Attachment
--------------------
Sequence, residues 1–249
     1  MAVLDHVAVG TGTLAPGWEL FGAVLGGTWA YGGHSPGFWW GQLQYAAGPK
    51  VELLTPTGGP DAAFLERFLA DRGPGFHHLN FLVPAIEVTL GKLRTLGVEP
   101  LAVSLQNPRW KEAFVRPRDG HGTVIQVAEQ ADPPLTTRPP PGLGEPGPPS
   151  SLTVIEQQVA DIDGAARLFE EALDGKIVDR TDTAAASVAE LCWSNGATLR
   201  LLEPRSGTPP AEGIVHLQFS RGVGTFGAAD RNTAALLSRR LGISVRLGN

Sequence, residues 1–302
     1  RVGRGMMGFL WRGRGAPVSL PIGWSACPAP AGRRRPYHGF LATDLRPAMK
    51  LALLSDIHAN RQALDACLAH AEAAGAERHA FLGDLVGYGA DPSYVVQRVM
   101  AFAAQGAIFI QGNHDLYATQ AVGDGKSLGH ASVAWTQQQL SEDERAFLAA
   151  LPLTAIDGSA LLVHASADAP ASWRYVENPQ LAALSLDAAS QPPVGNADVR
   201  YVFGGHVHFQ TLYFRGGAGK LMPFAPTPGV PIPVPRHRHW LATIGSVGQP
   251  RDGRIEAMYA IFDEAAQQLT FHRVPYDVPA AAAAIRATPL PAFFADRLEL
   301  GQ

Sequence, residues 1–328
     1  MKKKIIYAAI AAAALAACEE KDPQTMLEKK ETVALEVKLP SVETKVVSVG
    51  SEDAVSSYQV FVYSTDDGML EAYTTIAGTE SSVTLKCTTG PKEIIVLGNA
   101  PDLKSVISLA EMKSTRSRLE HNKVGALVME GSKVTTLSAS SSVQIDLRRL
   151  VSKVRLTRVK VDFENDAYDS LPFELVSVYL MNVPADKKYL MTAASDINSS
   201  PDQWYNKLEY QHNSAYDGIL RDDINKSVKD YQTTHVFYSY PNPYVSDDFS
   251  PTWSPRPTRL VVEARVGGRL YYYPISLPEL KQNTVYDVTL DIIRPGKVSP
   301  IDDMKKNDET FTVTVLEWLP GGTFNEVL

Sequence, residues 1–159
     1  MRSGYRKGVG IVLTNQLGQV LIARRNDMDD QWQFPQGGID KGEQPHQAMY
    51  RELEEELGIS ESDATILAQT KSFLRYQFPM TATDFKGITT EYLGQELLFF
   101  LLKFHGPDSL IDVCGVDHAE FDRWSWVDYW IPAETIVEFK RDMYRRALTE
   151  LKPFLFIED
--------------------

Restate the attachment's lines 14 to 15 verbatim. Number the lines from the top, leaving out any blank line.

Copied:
   301  GQ

Sequence, residues 1–328